One of the oldest and most beautiful surviving copies of Dante’s “Inferno” is preserved in Italy in San Daniele del Friuli, near Udine. It is part of the astonishing collection of over 12,000 manuscripts owned by the Biblioteca Guarneriana, one of Europe’s most ancient public libraries, founded in 1466 by scholar ad humanist Guarnerio d’Artegna.
The manuscript – catalogued as “ms. Fontaniano 200” – was copied in the XIVth century. It is fully illustrated with high quality miniatures, and containes two commentaries of Dante Alighieri’s masterpiece: one, written in Latin, by Graziolo de’ Bambaglioli, the other composed in Italian “volgare” between 1324 and 1334 by an anonymous but very intriguing author.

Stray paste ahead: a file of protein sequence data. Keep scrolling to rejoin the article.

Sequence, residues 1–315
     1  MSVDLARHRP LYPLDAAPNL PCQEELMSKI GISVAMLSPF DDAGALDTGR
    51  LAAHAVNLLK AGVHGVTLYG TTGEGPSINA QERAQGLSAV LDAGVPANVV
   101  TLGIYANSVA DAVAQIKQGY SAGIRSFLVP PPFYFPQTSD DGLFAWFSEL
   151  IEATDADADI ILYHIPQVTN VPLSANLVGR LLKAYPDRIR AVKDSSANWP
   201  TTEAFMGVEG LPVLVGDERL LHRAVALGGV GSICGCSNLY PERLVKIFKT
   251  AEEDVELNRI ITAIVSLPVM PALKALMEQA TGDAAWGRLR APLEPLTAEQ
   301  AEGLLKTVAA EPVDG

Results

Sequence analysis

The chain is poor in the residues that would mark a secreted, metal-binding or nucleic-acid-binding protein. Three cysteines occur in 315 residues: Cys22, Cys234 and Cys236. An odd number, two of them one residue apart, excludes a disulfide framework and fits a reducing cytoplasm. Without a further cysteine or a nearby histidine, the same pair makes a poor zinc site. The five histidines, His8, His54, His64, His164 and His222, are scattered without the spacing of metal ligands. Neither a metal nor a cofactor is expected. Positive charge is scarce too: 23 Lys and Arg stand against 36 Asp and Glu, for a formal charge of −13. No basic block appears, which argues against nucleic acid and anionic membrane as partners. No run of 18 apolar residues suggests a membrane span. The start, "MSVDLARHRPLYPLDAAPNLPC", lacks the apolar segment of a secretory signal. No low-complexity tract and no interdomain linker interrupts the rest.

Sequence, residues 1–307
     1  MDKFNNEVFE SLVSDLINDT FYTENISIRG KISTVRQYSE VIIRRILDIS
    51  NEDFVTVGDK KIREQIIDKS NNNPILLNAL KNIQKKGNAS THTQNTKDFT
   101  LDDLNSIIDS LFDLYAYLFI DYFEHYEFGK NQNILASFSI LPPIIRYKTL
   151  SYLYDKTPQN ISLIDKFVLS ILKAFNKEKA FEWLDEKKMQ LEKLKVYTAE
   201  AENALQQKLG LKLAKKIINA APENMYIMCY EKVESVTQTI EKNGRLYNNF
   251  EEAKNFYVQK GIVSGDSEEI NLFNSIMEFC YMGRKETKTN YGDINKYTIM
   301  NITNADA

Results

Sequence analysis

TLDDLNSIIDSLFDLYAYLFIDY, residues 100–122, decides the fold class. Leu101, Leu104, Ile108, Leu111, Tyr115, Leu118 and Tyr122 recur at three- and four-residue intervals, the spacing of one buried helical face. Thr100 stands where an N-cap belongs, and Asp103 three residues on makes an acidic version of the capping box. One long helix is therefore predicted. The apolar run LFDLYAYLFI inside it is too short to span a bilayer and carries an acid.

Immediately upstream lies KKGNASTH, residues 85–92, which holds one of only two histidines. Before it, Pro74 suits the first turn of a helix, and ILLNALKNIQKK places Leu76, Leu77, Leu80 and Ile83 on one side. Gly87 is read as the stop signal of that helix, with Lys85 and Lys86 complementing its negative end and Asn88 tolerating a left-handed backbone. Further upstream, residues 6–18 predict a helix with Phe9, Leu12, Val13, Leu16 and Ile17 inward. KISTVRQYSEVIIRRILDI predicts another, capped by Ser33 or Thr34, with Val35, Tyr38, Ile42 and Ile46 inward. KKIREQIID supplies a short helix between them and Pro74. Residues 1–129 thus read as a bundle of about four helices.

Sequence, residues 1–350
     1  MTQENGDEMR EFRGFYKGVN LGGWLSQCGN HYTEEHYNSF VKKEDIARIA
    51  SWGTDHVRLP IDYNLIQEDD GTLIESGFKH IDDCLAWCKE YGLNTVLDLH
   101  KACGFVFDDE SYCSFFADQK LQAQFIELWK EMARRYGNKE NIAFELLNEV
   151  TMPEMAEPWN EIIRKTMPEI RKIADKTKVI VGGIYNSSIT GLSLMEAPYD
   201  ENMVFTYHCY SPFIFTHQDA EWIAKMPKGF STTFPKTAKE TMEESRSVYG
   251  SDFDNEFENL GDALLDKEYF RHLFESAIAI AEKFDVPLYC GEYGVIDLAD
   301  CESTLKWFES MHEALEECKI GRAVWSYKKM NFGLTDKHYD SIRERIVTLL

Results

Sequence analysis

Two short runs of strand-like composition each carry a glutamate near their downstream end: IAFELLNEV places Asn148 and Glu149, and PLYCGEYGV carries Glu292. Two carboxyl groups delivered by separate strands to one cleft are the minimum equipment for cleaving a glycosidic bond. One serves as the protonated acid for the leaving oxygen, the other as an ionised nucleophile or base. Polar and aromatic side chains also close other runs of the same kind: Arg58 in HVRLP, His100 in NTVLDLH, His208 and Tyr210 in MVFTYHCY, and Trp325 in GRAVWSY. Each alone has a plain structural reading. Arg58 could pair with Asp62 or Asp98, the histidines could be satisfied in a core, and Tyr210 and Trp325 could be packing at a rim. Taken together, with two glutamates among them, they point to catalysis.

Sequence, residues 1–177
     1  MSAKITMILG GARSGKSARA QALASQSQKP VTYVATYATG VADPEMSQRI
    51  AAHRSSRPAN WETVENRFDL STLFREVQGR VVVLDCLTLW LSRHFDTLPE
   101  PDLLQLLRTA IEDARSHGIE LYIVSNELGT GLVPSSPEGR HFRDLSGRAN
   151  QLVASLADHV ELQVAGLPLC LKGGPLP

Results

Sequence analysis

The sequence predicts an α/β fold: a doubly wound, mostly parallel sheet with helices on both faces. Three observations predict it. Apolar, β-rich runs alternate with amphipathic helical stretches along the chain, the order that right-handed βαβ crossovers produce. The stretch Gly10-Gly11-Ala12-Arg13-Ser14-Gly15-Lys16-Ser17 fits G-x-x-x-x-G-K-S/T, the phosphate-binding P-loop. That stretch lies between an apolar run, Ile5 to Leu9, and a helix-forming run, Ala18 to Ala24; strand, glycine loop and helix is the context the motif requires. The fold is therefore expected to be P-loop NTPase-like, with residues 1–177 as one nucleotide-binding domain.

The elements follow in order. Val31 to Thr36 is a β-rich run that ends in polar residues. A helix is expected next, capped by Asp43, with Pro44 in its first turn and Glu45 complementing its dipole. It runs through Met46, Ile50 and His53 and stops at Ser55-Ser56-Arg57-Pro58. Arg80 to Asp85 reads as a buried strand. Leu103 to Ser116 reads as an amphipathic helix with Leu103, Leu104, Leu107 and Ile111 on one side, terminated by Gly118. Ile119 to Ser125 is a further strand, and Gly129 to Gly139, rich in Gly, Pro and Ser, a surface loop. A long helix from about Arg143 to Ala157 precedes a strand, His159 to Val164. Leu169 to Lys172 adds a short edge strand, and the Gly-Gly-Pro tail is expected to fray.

Guarneriana’s Codex 200 has been studied by several scholars and is now available in a very accurate fac-simile edition by Italian publisher Roberto Vattori which will be presented, together with two important fac-simile editions of Longobard manuscripts by Capsa Ars Scriptoria (Codice Cividalese XXVIII, Paolus Diaconus’s “Historia Langobardorum”, and Codex Cavensis 4, “Leges Langobardorum), during the “MEDIOEVALIA: Medioevo e Medioevi in Guarneriana” Conference on October 22, 2016.
Guarneriana has also launched the brand new manuscript digitization project “TECA DIGITALE”, which gives full online access to 13 of the most important codices which are part of the collection: among them, Ms. Fontaniniano 200, Peter Lombard’s Liber Sententiarum (ms 42 ), the “Bizantine Bible” (ms 3), Augustin’s De Civitate Dei (ms 8), Brunetto Latini’s Tresor (ms 238), Cicero’s Orationes (ms 59), and works by Seneca (ms 7).